This election year has me completely on edge, exhausted and frustrated, but I suppose you might be feeling some of that, too. Truth be told, I spend a lot of time thinking about you, but then, so does most of America. As a woman, I wonder if you will shatter that glass ceiling for us, and if so, how it will feel. I wonder if that historic moment will be seriously tainted by all the negativity attached to your name. I wonder if you will be able to unite such a divided country.
I also spend a lot of time wondering why you are the target of such excessive vitriolic opposition and unfiltered slander. Many opinions have already been written speculating about answers to the why. I have some theories of my own, but instead of adding my two cents to the ocean of pennies, I decided to wonder about something else.
I started wondering how you feel. What does it feel like to be one of the most successful women in history and also one of the most hated? You have your loyal fans, of course, but your detractors are some of the loudest, angriest, cruelest I’ve ever heard. The sheer amount of hatred pointed at you is baffling to me.
Based on all I have seen and heard, I am rather convinced that your opponent in the general election lacks empathy for other humans. I don’t say that to be inflammatory or add to the extremism that seems to be splitting our country in two. I say that as a most sincere and concerned observation. I truly have not witnessed a single empathetic impulse in the man, and this is a person who has received more publicity than perhaps anyone on the planet. All that attention on him and no visible signs of kindness, empathy or concern for others? Maybe I am wrong, but I have not seen any evidence to the contrary. I agree with you that this is not a man we want near our nuclear codes.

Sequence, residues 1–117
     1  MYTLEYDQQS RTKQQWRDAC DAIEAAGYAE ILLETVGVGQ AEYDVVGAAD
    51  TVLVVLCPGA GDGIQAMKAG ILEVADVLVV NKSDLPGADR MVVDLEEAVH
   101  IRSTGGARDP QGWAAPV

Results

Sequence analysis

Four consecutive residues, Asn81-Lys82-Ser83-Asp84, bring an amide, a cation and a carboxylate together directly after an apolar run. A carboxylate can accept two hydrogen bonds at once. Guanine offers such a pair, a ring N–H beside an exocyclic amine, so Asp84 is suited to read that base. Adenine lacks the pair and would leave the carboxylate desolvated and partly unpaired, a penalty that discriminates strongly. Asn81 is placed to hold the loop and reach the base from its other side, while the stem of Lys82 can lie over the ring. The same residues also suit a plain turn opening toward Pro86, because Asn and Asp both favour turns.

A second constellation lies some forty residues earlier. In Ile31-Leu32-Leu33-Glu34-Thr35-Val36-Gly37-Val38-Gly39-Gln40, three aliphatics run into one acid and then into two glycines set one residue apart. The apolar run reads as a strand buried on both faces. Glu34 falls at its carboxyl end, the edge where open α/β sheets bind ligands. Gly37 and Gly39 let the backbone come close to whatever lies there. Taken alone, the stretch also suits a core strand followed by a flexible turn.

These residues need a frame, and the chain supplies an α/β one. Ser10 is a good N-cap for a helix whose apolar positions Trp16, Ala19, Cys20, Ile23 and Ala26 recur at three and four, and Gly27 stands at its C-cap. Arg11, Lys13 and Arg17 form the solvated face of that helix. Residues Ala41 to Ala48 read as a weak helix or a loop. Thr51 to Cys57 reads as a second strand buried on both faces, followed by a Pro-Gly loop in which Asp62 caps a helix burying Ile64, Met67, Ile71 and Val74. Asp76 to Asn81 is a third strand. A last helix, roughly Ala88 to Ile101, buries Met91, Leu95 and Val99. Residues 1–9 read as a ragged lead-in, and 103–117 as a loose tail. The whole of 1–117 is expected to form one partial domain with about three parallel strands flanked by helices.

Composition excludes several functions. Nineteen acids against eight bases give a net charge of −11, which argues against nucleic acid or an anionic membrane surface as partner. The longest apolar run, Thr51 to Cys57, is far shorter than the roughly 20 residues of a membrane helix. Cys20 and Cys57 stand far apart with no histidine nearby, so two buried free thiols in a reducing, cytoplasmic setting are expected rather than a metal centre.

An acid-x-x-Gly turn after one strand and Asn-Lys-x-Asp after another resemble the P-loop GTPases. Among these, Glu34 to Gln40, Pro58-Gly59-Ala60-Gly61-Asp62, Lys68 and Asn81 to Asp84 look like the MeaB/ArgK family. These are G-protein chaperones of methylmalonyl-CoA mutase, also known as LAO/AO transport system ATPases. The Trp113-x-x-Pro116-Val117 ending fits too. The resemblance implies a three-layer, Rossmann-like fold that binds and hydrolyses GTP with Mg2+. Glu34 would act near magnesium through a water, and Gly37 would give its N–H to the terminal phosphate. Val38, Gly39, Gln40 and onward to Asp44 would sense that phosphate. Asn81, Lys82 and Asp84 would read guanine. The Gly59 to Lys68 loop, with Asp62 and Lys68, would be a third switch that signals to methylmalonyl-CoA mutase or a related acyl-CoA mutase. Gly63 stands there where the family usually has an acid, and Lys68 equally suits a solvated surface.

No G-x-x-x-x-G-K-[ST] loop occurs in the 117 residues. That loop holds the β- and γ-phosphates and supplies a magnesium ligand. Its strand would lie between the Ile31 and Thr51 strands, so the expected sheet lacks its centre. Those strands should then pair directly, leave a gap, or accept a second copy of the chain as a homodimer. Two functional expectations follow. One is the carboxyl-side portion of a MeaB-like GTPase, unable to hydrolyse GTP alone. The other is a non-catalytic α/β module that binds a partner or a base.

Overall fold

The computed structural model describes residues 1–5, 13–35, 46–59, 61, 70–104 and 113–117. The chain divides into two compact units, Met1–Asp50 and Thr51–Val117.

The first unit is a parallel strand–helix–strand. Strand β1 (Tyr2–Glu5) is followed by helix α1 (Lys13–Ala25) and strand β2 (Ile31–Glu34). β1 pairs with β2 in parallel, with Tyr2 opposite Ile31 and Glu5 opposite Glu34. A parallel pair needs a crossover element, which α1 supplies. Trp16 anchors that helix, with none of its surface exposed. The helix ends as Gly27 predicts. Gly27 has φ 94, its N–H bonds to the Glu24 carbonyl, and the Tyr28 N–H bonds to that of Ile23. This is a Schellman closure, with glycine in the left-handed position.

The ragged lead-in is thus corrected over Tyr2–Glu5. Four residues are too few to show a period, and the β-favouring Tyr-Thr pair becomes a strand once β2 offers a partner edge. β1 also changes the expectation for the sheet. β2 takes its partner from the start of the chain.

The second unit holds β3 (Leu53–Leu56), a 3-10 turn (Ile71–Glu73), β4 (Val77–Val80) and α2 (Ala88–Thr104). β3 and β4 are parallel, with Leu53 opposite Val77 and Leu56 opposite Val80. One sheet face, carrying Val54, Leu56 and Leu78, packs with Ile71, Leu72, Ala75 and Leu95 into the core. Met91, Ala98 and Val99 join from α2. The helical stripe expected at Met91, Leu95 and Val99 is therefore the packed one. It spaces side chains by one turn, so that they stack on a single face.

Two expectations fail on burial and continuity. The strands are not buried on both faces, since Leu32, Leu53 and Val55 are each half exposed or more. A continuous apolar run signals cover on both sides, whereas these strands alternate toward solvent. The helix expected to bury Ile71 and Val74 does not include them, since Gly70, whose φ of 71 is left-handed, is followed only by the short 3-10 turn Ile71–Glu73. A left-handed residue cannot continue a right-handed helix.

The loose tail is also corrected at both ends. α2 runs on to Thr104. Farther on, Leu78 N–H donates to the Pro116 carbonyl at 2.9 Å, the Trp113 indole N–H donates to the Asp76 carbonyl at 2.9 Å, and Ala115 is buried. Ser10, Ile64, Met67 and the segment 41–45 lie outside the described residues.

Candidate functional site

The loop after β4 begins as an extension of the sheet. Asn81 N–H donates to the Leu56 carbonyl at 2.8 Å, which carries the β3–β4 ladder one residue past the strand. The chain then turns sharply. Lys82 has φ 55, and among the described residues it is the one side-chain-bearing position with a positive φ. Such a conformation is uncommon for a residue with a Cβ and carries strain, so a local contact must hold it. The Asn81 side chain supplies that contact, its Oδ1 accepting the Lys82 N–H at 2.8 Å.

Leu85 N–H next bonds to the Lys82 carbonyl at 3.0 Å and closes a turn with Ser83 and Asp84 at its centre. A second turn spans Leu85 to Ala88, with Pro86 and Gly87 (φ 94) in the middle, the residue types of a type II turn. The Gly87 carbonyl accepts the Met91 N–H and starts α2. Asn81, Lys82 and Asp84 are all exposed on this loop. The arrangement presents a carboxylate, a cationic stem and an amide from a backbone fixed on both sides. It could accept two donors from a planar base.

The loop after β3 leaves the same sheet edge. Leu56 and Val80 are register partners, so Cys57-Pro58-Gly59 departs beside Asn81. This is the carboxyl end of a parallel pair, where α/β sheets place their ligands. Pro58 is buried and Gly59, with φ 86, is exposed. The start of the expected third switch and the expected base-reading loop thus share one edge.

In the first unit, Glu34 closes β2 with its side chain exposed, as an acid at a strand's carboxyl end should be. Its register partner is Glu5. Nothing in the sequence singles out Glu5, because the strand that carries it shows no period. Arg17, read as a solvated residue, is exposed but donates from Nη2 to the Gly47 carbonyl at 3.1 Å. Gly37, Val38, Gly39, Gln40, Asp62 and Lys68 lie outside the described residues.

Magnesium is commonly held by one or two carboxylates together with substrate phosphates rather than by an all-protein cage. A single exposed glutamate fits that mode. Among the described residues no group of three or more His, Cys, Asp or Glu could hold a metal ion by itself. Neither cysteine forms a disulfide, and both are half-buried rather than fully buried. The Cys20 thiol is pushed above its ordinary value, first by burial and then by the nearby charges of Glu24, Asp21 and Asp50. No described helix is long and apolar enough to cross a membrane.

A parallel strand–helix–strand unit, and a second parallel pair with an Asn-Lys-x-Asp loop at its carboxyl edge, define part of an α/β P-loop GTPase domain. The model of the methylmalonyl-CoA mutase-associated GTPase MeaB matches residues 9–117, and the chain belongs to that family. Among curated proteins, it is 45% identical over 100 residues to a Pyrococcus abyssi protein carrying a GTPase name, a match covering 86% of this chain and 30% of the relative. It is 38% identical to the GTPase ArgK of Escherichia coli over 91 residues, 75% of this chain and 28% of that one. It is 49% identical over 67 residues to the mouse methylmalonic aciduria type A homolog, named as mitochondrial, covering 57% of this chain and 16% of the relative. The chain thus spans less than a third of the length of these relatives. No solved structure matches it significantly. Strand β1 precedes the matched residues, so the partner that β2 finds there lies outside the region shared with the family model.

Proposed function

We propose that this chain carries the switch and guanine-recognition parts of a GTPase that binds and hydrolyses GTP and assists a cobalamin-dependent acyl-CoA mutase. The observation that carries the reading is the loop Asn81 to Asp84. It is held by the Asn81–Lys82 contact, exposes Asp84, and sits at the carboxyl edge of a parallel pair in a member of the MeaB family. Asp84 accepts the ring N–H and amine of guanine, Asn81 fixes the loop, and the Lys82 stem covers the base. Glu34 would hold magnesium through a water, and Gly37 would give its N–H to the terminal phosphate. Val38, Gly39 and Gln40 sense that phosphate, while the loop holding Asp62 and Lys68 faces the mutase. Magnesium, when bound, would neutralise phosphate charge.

So we have one presidential candidate who does not appear to possess empathy (which, needless to say, is beyond alarming). On the other hand, we have you, who, based on the evidence, a vast number of American people have difficulty feeling empathy for. It’s almost like we don’t think you are human.